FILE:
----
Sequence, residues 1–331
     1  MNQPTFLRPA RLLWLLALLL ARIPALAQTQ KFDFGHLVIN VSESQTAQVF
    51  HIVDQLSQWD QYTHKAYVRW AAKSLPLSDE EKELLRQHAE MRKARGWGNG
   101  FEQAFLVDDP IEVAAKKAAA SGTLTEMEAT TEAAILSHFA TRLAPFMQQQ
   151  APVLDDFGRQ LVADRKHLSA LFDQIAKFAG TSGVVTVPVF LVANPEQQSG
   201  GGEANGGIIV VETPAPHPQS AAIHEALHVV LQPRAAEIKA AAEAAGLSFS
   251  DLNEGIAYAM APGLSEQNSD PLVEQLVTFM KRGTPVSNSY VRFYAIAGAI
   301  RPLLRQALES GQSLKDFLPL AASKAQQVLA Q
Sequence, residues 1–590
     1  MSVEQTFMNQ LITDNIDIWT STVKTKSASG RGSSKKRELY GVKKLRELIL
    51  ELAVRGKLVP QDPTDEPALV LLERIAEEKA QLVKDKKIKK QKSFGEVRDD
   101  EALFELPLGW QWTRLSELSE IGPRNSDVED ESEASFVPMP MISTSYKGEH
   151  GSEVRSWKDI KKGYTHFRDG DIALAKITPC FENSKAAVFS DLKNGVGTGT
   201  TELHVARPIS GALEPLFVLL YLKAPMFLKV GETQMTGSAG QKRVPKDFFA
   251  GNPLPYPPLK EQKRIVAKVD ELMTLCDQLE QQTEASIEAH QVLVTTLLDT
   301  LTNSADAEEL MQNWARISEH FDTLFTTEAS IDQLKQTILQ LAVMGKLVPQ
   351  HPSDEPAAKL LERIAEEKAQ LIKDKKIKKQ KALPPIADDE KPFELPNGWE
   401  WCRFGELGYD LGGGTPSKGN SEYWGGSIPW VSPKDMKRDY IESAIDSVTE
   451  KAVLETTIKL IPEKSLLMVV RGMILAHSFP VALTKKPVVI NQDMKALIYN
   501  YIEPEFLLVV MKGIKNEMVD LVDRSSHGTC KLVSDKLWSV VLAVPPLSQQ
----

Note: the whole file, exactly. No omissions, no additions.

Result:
Sequence, residues 1–331
     1  MNQPTFLRPA RLLWLLALLL ARIPALAQTQ KFDFGHLVIN VSESQTAQVF
    51  HIVDQLSQWD QYTHKAYVRW AAKSLPLSDE EKELLRQHAE MRKARGWGNG
   101  FEQAFLVDDP IEVAAKKAAA SGTLTEMEAT TEAAILSHFA TRLAPFMQQQ
   151  APVLDDFGRQ LVADRKHLSA LFDQIAKFAG TSGVVTVPVF LVANPEQQSG
   201  GGEANGGIIV VETPAPHPQS AAIHEALHVV LQPRAAEIKA AAEAAGLSFS
   251  DLNEGIAYAM APGLSEQNSD PLVEQLVTFM KRGTPVSNSY VRFYAIAGAI
   301  RPLLRQALES GQSLKDFLPL AASKAQQVLA Q
Sequence, residues 1–590
     1  MSVEQTFMNQ LITDNIDIWT STVKTKSASG RGSSKKRELY GVKKLRELIL
    51  ELAVRGKLVP QDPTDEPALV LLERIAEEKA QLVKDKKIKK QKSFGEVRDD
   101  EALFELPLGW QWTRLSELSE IGPRNSDVED ESEASFVPMP MISTSYKGEH
   151  GSEVRSWKDI KKGYTHFRDG DIALAKITPC FENSKAAVFS DLKNGVGTGT
   201  TELHVARPIS GALEPLFVLL YLKAPMFLKV GETQMTGSAG QKRVPKDFFA
   251  GNPLPYPPLK EQKRIVAKVD ELMTLCDQLE QQTEASIEAH QVLVTTLLDT
   301  LTNSADAEEL MQNWARISEH FDTLFTTEAS IDQLKQTILQ LAVMGKLVPQ
   351  HPSDEPAAKL LERIAEEKAQ LIKDKKIKKQ KALPPIADDE KPFELPNGWE
   401  WCRFGELGYD LGGGTPSKGN SEYWGGSIPW VSPKDMKRDY IESAIDSVTE
   451  KAVLETTIKL IPEKSLLMVV RGMILAHSFP VALTKKPVVI NQDMKALIYN
   501  YIEPEFLLVV MKGIKNEMVD LVDRSSHGTC KLVSDKLWSV VLAVPPLSQQ